Turkish school textbooks call Jews and Christians ‘infidels’

School textbooks in Turkey drop term 'People of the Book', refer to Jews and Christians as 'infidels'.

Cnaan Liphshiz, JTA ,

Recep Tayyip Erdogan
Recep Tayyip Erdogan
Reuters

School textbooks in Turkey under President Recep Tayyip Erdogan have been revised to refer to Jews and Christians as “infidels,” according to a new study.

Whereas previous textbooks referred to members of those religions as “People of the Book,” textbooks such as “Fundamental Religious Knowledge,” a publication released after 2017 that is part of the mandatory curriculum in Turkish elementary schools, have switched to calling them by the pejorative, according to the study published Thursday by the IMPACT-se watchdog group.

However, Holocaust studies have been introduced under Erdogan, making Turkey the second Muslim-majority country, after Azerbaijan, to include the genocide as part of the mandatory curriculum. Erdogan has invoked the Holocaust repeatedly in speaking about the treatment of Muslims in Europe today.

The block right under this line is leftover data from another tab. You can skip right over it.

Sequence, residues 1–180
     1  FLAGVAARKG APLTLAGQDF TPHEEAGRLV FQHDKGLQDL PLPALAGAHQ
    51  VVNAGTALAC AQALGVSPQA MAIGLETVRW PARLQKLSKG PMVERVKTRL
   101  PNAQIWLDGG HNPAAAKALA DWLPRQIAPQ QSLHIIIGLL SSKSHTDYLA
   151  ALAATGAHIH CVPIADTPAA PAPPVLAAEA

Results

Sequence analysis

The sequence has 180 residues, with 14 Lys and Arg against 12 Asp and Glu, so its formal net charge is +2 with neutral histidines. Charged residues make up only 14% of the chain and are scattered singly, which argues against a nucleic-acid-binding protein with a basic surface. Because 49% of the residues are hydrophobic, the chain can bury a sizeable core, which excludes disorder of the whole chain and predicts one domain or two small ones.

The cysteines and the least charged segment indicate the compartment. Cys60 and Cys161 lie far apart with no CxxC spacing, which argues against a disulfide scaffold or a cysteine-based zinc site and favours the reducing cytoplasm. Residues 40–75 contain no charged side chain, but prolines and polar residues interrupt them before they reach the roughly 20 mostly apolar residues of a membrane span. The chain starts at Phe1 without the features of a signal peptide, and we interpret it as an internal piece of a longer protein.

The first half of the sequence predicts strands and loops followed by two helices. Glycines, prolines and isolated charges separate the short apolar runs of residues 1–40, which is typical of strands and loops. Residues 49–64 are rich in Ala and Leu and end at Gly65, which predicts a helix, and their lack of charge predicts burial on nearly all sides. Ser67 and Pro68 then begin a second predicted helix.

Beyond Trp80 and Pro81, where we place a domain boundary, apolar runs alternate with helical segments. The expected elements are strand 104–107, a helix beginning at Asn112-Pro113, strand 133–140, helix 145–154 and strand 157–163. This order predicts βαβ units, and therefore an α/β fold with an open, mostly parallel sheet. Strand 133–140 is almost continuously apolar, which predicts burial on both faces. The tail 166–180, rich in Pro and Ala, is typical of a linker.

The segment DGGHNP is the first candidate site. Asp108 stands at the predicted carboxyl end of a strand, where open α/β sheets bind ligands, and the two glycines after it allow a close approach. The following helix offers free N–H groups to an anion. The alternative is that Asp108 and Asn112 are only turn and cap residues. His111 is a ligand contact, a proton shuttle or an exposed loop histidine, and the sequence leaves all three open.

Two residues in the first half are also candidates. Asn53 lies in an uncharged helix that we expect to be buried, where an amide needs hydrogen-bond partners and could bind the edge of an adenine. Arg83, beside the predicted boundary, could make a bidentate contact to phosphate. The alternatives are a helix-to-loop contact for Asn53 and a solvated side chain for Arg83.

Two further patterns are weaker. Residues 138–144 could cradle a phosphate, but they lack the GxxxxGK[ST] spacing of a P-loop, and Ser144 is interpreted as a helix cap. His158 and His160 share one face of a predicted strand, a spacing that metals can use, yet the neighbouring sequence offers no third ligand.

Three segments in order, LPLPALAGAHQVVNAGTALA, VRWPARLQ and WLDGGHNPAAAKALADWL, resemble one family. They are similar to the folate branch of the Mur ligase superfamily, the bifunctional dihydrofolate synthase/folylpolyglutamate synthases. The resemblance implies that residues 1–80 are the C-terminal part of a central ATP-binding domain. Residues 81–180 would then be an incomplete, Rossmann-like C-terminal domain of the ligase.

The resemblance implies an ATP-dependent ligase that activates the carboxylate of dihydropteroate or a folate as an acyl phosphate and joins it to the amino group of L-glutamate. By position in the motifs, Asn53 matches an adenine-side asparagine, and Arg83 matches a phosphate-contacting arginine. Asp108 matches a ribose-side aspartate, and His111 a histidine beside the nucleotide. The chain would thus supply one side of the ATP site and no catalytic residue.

The changes coincide with radicalization in Turkish schools following the failed 2016 coup against Erdogan, leader of the Islamist Justice and Development Party, according to Marcus Sheff, the CEO of IMPACT-se.

“School books have been weaponized in Erdogan’s attempts to Islamize Turkish society and to hark back to a nostalgic age of Turkish domination,” Sheff wrote, adding that his group has identified “increased demonization of Israel and antisemitic aspersions.”

One book, “A Contemporary Turkish and World History,” states that Israel is seeking to “reconstruct Solomon’s Temple” on Mount Zion in Jerusalem. Another accuses the Alliance Jewish schooling network and the Maccabi sports association of working against Turkish national independence movement.

Israel’s conflict with the Palestinian Authority, whose residents are referred to as “Muslims,” is described as a religious war where Israel is the aggressor.



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